The major hemoglobin in adults is hemoglobin A, a tetramer consisting of one pair of alpha globin chains and one pair of beta globin chains. In normal subjects, globin chain synthesis is very tightly controlled, such that the ratio of production of alpha to non-alpha chains is 1.00 ± 0.05. Thalassemia refers to a spectrum of diseases characterized by reduced or absent production of one or more globin chains, thus disrupting this closely-regulated ratio. (See "Molecular pathology of the thalassemic syndromes".)
- The vast majority of adult patients with alpha or beta thalassemia minor are asymptomatic, and may be diagnosed because of the presence of microcytic, hypochromic red cells, with or without minor degrees of anemia.
- Thalassemias of intermediate degrees of severity are common throughout the world, and may be due to the presence of more than one hemoglobin mutation in the same patient (eg, sickle cell thalassemia, hemoglobin E/beta thalassemia) or to the presence of an abnormal hemoglobin with a reduced (ie, thalassemic) production rate (eg, hemoglobin Lepore, hemoglobin Constant Spring).
- Beta thalassemia and alpha thalassemia major are on the other end of this spectrum. The former is associated with life-long transfusion-dependent anemia, while the latter is incompatible with extra-uterine life.
The clinical manifestations and diagnosis of the thalassemias will be reviewed here. The management of beta thalassemia is discussed separately. (See "Treatment of beta thalassemia" and "Efficacy of hematopoietic cell transplantation in beta thalassemia major".)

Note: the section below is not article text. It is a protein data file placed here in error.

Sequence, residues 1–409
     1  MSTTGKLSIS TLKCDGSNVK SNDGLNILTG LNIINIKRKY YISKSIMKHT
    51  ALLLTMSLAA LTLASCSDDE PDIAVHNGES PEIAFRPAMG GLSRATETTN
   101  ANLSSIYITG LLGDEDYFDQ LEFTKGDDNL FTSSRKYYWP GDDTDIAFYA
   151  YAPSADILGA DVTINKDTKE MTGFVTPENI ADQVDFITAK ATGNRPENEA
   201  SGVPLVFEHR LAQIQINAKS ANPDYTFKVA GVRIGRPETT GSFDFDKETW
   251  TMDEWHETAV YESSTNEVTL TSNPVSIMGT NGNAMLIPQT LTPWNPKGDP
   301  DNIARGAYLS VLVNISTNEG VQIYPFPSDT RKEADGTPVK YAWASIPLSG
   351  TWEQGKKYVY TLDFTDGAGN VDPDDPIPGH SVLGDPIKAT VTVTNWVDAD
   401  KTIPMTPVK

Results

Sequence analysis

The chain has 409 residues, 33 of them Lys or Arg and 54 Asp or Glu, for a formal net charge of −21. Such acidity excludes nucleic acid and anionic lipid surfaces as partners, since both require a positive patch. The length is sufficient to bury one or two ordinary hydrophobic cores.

BETA THALASSEMIA MAJOR
Overview — Beta thalassemia is due to impaired production of beta globin chains, leading to a relative excess of alpha globin chains. Excess alpha globin chains are unstable, incapable of forming soluble tetramers on their own, and precipitate within the cell, leading to a variety of clinical manifestations. The degree of alpha globin chain excess determines the severity of subsequent clinical manifestations, which are profound in patients homozygous for impaired beta globin synthesis (ie, beta thalassemia major) and much less pronounced in heterozygotes, who generally have minimal or mild anemia and no symptoms. (See "Pathophysiology of beta thalassemia".)
Infants with severe beta thalassemia major (BTM) are well at birth, because the production of beta globin is not essential during fetal life or the immediate perinatal period. The major non-alpha globin produced at the time of birth is gamma globin, such that the major hemoglobin in early postnatal life is fetal hemoglobin (Hb F, alpha2/gamma2).